Most of the core concepts of the Western philosophical tradition originate in antiquity. Yet boredom is strikingly absent from classical thought. In this philosophical study, Dmitri Nikulin explores the concept’s genealogy to argue that boredom is the mark of modernity.
Nikulin contends that boredom is a specifically modern phenomenon. He provides a critical reconstruction of the concept of the modern subject as universal, rational, autonomous, and self-sufficient. Understanding itself in this way, this subject is at once the protagonist, playwright, director, and spectator of the staged drama of human existence. It is therefore inevitably monological, lonely, and alone, and can neither escape its own presence nor get rid of it. In other words, it is bored—and this boredom is the fundamental expression and symptom of the modern condition.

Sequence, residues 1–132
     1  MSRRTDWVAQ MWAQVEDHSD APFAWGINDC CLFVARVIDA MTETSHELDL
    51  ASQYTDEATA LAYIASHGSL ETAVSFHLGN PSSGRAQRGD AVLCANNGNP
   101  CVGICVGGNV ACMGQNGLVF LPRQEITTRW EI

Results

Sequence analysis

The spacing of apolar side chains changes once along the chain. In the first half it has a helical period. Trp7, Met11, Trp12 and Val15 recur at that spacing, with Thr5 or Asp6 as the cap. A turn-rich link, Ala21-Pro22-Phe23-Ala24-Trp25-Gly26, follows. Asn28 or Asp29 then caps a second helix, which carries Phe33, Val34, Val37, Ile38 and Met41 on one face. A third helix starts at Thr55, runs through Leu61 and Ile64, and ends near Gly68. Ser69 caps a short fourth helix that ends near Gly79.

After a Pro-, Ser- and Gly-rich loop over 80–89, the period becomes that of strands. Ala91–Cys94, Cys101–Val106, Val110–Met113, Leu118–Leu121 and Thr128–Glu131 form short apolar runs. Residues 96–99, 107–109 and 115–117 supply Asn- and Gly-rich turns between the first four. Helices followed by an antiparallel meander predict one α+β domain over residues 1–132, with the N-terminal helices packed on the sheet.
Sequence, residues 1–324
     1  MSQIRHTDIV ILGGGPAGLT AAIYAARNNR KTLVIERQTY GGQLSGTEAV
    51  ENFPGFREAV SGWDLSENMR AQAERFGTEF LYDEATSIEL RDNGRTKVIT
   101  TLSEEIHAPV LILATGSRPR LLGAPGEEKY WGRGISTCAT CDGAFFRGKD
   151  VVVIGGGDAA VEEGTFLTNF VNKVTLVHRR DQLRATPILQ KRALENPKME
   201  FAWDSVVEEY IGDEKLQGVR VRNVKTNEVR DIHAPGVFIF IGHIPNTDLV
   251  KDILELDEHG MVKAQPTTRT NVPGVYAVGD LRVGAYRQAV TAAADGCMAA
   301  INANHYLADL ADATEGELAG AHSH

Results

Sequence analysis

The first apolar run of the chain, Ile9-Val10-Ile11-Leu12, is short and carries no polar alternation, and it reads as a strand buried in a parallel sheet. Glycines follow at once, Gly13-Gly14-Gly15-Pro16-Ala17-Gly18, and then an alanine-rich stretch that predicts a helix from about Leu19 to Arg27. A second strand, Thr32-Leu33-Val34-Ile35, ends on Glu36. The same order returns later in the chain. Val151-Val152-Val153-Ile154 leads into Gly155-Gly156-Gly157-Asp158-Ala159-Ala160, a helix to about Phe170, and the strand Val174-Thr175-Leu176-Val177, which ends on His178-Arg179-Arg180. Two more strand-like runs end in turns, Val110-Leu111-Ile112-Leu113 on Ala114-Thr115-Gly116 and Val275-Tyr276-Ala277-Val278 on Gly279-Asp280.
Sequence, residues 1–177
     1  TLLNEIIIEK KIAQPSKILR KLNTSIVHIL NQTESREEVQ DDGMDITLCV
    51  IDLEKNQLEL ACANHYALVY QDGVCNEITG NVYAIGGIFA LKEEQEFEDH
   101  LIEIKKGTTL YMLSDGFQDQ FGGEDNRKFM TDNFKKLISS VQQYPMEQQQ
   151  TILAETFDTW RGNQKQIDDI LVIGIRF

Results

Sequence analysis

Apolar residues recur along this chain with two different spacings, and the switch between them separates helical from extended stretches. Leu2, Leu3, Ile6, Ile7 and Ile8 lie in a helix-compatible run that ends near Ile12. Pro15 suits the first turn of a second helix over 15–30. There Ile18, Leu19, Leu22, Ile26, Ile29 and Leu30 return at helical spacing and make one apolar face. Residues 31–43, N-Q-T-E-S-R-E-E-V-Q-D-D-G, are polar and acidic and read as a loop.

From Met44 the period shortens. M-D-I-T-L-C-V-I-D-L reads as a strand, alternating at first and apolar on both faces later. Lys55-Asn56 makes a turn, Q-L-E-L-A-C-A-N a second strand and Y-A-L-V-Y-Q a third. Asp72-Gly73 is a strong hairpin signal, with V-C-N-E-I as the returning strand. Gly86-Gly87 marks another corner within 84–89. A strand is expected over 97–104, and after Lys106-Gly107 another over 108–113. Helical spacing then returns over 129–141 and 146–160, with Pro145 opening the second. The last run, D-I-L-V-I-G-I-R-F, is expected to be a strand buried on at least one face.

Considering such thinkers as Descartes, Pascal, Kant, Kierkegaard, Kracauer, Heidegger, and Benjamin, Critique of Bored Reason places boredom on center stage in the philosophical critique of modernity. Nikulin also considers the alternative to the notion of the autonomous subject in the—nonbored and nonboring—dialogic and comic subject capable of shared existence with others.